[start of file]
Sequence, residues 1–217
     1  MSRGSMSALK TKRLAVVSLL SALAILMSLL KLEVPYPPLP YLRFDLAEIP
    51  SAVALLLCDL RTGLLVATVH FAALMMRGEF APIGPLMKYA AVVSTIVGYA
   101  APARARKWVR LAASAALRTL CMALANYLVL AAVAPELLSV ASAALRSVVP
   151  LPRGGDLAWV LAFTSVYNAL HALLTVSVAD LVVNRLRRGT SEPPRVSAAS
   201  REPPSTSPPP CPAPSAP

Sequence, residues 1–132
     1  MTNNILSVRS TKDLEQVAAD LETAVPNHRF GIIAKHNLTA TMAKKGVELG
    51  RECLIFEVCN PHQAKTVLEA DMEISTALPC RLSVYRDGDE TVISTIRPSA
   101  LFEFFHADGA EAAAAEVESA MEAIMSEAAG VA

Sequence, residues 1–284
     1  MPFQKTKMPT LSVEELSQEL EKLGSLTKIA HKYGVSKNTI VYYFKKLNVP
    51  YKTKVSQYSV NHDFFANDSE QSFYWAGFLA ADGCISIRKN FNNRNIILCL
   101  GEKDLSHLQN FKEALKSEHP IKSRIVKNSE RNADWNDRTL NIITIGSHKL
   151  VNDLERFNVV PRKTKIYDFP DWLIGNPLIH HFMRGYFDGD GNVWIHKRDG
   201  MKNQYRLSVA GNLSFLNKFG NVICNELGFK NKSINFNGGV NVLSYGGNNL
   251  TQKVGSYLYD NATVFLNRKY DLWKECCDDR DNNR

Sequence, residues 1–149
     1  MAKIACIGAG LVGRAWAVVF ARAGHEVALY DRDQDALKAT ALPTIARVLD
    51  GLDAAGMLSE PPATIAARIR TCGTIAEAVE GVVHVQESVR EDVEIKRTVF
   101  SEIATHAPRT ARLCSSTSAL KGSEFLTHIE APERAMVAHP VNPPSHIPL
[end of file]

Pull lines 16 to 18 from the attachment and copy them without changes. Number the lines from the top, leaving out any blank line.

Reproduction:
   201  MKNQYRLSVA GNLSFLNKFG NVICNELGFK NKSINFNGGV NVLSYGGNNL
   251  TQKVGSYLYD NATVFLNRKY DLWKECCDDR DNNR

Sequence, residues 1–149